Hard work pays off

What I learned when I left home at 16 to join the Junior National Cycling Team, and why it’s important for parents to embrace youth athletics.

Paul Raphael LeBlanc
3 min readAug 11, 2023

At the age of 16, I embarked on a unique journey, leaving my family behind to train as a member of the Junior National Cycling Team at the Olympic Training Center in Colorado Springs. This extraordinary experience has shaped who I am today and imparted lessons I carry with me as an entrepreneur.

- Independence: Moving away from home at such a young age, I quickly learned to be responsible for myself. This independence has served me well in business, allowing me to make decisions and navigate challenges confidently.

• Self-Discipline: Competing at a high level requires commitment and relentless effort. In business, as in sports, the dedication to working hard, day in and day out, is critical to achieving long-term success.

• Embracing Suffering: Athletic training taught me to be comfortable with suffering and use it as a tool for growth. In business, facing difficulties with a positive attitude helps to overcome challenges.

• Managing Stress: The pressure of high-stakes competition taught me coping mechanisms invaluable in the fast-paced world of entrepreneurship.

• The Pursuit of Excellence: Becoming an elite athlete takes time and patience. Similarly, building a successful business requires a long-term vision and perseverance.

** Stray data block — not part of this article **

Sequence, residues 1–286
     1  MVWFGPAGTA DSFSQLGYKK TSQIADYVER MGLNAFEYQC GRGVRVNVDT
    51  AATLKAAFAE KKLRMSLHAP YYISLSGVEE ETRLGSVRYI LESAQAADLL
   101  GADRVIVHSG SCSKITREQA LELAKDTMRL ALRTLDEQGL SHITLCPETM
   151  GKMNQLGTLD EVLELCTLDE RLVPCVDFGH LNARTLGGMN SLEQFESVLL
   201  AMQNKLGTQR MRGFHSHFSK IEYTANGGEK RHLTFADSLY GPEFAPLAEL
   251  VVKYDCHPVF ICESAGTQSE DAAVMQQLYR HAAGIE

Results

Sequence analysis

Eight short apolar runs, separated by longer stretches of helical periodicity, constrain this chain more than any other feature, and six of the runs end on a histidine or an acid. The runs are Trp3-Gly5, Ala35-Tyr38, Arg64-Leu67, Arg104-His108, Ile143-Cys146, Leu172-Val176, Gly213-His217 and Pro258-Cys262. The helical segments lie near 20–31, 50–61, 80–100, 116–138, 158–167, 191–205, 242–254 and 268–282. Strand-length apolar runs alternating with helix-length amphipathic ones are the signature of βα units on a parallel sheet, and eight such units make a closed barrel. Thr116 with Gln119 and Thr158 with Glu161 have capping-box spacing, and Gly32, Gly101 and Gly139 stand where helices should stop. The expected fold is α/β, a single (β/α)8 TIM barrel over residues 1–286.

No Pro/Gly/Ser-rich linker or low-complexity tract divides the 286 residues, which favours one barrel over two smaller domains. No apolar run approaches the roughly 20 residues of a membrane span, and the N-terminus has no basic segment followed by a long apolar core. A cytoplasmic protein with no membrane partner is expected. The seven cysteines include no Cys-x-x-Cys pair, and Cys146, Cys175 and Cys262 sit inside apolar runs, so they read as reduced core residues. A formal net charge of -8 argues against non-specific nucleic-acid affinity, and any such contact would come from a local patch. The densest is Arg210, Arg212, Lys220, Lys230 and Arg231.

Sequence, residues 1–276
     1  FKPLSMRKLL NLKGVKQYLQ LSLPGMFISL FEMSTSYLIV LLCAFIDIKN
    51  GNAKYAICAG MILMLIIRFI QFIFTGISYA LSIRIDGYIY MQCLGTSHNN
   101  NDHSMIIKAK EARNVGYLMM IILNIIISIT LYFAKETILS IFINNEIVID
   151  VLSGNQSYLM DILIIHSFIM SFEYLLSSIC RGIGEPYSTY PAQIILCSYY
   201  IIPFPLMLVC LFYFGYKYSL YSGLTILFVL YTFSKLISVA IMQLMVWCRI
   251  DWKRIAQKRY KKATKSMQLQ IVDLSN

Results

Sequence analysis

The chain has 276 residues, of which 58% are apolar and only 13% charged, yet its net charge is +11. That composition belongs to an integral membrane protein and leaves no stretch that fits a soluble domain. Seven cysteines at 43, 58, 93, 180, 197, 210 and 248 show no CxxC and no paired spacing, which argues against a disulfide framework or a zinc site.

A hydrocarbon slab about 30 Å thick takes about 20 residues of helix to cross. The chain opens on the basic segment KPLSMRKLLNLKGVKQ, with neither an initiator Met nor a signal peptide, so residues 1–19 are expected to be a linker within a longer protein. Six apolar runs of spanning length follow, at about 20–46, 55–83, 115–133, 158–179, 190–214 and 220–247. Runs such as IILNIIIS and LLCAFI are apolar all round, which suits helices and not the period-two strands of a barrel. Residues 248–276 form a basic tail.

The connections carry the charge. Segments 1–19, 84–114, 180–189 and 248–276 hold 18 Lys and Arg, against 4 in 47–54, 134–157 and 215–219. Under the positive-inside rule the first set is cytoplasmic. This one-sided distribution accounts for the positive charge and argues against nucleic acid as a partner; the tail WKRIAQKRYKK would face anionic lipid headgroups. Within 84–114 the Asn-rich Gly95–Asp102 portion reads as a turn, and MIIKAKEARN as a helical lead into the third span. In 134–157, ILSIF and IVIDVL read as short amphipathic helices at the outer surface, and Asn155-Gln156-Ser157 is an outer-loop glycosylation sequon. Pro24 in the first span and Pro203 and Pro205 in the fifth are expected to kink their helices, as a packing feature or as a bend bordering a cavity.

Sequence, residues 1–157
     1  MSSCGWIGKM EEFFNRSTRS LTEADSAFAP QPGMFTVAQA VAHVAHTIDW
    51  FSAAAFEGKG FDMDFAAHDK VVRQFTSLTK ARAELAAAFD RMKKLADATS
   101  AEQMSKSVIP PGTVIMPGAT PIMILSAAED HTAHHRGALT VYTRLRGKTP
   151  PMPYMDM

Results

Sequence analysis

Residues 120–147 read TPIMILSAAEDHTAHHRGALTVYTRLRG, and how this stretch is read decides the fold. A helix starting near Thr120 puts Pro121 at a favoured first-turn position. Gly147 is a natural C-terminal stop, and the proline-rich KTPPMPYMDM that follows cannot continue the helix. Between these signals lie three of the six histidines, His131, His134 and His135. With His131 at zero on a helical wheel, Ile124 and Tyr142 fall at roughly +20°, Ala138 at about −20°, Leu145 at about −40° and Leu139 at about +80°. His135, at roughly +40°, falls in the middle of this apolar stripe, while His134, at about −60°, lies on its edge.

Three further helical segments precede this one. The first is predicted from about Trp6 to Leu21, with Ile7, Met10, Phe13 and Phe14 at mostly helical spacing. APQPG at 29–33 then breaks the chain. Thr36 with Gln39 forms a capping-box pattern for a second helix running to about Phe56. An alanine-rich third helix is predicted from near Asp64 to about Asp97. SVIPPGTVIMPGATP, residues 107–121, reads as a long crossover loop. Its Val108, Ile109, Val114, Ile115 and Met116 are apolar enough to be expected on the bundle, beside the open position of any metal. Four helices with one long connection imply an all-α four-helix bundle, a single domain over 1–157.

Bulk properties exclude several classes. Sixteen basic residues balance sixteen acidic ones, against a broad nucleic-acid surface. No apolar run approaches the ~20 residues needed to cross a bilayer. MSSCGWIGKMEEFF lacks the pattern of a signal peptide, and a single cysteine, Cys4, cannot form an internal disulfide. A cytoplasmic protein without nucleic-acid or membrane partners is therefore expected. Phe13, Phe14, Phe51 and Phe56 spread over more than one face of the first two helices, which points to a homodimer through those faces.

• Hard Work Triumphs over Talent: Natural talent is an asset, but hard work is the real differentiator. Whether in sports or business, those who put in the most effort often perform the best.

• The Value of Winning and Losing: Winning is rewarding, but losing imparts essential lessons. Understanding that not everyone receives a trophy, and that’s okay, fosters growth and maturity.

• Teamwork: The success of an athlete or a company often depends on a committed team. Collaboration makes success possible, from coaches to support staff in sports, and colleagues to mentors in business.

My time at the Olympic Training Center was about more than winning races; it was an education in the principles that guide life beyond the velodrome.

For parents contemplating their children’s involvement in competitive athletics, I would offer this insight: sports are not merely about physical achievement. They are a classroom where young people learn about commitment, resilience, collaboration, and the pursuit of excellence. These lessons equip them with skills that will serve them well in any path they choose in life. Not surprisingly, I hire a lot of athletes.

I am grateful for the opportunity to have competed, to have won, and even to have lost. Each experience has shaped me, and the wisdom gained is a treasure I continue to draw upon in my professional life. Encouraging children to embrace competitive sports could be a powerful way to instill in them the virtues that lead to personal and professional success. It’s more than a game; it’s a foundation for life.

On my way to winning my third National Championship title



Paul Raphael LeBlanc

CEO of Zogics.com and ZogicsPet.com | Managing Director of ArdentFitness.com | Entrepreneur | Inc Magazine Best Workplaces | Inc 5000